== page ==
ISMRM 24th Annual Meeting & Exhibition • 07-13 May 2016 • Singapore

Scientific Session: Brain Metabolism

Monday, May 9, 2016
Room 300-302
14:15 - 16:15
Moderators: Lindy Rae, Eric Schrauben

Dietary Restriction Improved Memory and Neuronal Metabolism in AßPP-PS1 Mouse Model of Alzheimer’s Disease: A 1H-[13C]-NMR Study
Anant Bahadur Patel1 and Kamal Saba1
1NMR Microimaging and Spectroscopy, CSIR-Centre for Cellular and Molecular Biology, Hyderabad, India
Alzheimer's disease (AD) is the most common neurodegenerative disorders. Currently no effective treatment available for AD. Dietary restriction (DR) has been shown to improve longevity in rodents. In the present study, we evaluated the effects of DR on memory and brain energy metabolism in AβPP-PS1 mouse model of AD using 1H-[13C]-NMR spectroscopy in conjunction with infusion of [1,6-13C2]glucose. Our findings suggest that DR intervention had improved the memory and the neuro-metabolic activity in the AD mice.

A 1H-[13C]-NMR Study for Understanding Antidepressant Action of Lanicemine in Chronic Unpredictable Mild Stress Model of Depression
Pravin K Mishra1 and Anant Bahadur Patel1
1NMR Microimaging and Spectroscopy, CSIR-Centre for Cellular and Molecular Biology, Hyderabad, India
Though, ketamine possess rapid antidepressant properties, its use is limited due to addictive and psychotomimetic properties. In the current study, we have evaluated the antidepressant activity of lanicemine in CUMS model of depression by 1H-[13C]-NMR spectroscopy together with infusion of [1,6-13C2]glucose. Exposure of lanicemine restored behavioral phenotype and activity of excitatory and inhibitory neurons in depression.

Brain Glycogen Supercompensation: A Role in the Development of Hypoglycemia Unawareness?
Gulin Oz1, Mauro DiNuzzo2, Anjali Kumar3, Amir Moheet3, Kristine Kubisiak4, Lynn E. Eberly4, and Elizabeth R. Seaquist3
1Radiology, Center for Magnetic Resonance Research, University of Minnesota, Minneapolis, MN, United States, 2Museo storico della fisica e Centro di studi e ricerche Enrico Fermi, Rome, Italy, 3Medicine, University of Minnesota, Minneapolis, MN, United States, 4Biostatistics, School of Public Health, University of Minnesota, Minneapolis, MN, United States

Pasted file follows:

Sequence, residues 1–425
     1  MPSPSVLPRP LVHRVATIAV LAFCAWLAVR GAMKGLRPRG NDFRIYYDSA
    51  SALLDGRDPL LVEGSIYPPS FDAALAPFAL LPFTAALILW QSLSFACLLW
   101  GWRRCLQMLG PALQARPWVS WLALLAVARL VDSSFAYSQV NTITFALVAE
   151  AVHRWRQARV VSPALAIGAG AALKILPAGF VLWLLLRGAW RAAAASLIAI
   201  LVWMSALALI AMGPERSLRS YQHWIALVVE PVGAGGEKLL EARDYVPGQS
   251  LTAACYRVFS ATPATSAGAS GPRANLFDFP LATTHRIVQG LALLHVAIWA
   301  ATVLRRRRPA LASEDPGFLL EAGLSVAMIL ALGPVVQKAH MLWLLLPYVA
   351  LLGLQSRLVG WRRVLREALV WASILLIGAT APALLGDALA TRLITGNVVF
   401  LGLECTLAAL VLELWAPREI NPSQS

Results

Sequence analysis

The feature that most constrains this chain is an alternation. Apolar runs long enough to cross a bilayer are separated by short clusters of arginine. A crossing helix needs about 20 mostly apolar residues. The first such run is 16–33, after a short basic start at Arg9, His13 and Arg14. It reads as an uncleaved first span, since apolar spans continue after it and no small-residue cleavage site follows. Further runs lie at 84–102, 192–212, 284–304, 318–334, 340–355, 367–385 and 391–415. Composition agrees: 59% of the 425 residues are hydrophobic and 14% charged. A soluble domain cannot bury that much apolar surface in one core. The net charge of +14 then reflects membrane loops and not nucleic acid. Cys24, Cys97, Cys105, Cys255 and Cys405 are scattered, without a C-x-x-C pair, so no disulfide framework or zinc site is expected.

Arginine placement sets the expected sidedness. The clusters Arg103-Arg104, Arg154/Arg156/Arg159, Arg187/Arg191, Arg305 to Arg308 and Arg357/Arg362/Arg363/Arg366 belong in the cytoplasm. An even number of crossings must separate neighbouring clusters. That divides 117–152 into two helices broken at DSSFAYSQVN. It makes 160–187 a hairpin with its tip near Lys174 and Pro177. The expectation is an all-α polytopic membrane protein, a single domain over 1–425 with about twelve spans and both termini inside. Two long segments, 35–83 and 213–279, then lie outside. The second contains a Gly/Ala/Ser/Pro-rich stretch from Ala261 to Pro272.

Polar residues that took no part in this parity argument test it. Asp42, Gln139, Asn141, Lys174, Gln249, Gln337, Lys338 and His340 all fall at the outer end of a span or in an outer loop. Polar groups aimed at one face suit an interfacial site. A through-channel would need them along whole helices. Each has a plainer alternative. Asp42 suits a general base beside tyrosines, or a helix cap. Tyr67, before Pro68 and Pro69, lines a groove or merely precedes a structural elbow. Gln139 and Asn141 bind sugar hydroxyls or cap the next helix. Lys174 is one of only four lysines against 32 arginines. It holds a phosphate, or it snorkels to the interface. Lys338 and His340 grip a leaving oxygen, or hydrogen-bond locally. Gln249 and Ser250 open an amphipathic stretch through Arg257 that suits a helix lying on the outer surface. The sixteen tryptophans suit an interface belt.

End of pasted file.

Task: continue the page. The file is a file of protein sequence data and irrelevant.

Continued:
Supercompensated brain glycogen levels may contribute to the development of hypoglycemia associated autonomic failure (HAAF) following recurrent hypoglycemia (RH) by providing energy for the brain during subsequent periods of hypoglycemia. To assess the role of glycogen supercompensation in the generation of HAAF, we estimated the level of brain glycogen supercompensation following RH using 13C MRS and compared it to that following acute hypoglycemia (AH). Glycogen levels were found to increase after both AH and RH, but to a lesser extent after RH. These data suggest that glycogen supercompensation may be an epiphenomenon of HAAF.

In vivo detection of hypothalamic glucose metabolism in HFD and regular fed mice
Blanca Lizarbe1, Antonie Cherix1, Lijing Xin2, Hongxia Lei2,3, and Rolf Gruetter1,3,4
1Laboratory for Functional and Metabolic Imaging (LIFMET), Ecole Polytechnique Fédérale de Lausanne, Lausanne, Switzerland, 2Animal imaging and technology core (AIT), Center for Biomedical Imaging (CIBM), Ecole Polytechnique Fédérale de Lausanne, Lausanne, Switzerland, Lausanne, Switzerland, 3Department of Radiology, University of Geneva, Geneva, Switzerland, 4Department of Radiology, University of Lausanne, Lausanne, Switzerland
Obesity is a pandemic syndrome that leads to reduced life expectancy, increasing the risk of heart disease, type-2 diabetes and some type of cancers.  Noteworthy, to understand the mechanisms of obesity onset and development, several animal models, such as administration high fat diets, have been developed. We used 1H-[13C] MRS methods in regular and in high fat diet fed mice to investigate the effects of high caloric diets and obesity in the hypothalamus, its effects in glucose metabolism and metabolic fluxes in neurons and glia. We found differences that suggest impaired glucose metabolism in the hypothalamus of obese mice.

Amide proton signals as pH indicator for in vivo MRS and MRI of the brain – Responses to hypercapnia and hypothermia
Takashi Watanabe1, Jens Frahm1, and Thomas Michaelis1
1Biomedizinische NMR Forschungs GmbH, Max-Planck-Institut für biophysikalische Chemie, Göttingen, Germany
Using proton MRS/MRI of mouse brain at 9.4 T, this work provides the first in vivo evidence of concurrent pH-dependent changes of amide signals and related metabolic responses to hypercapnia and hypothermia. During hypercapnia, amide MRS signals of glutamine and of unspecific compounds increase by ≥50% at 37°C and 22°C. They are strongly correlated with intracellular pH determined from a shift in creatine phosphokinase equilibrium. In MRI, saturation transfer to water protons alters signal intensities in dependence on pH and temperature. Irradiation of aliphatic compounds at -3.5 ppm frequency offset from water predominantly saturates lipids and water associated with myelin.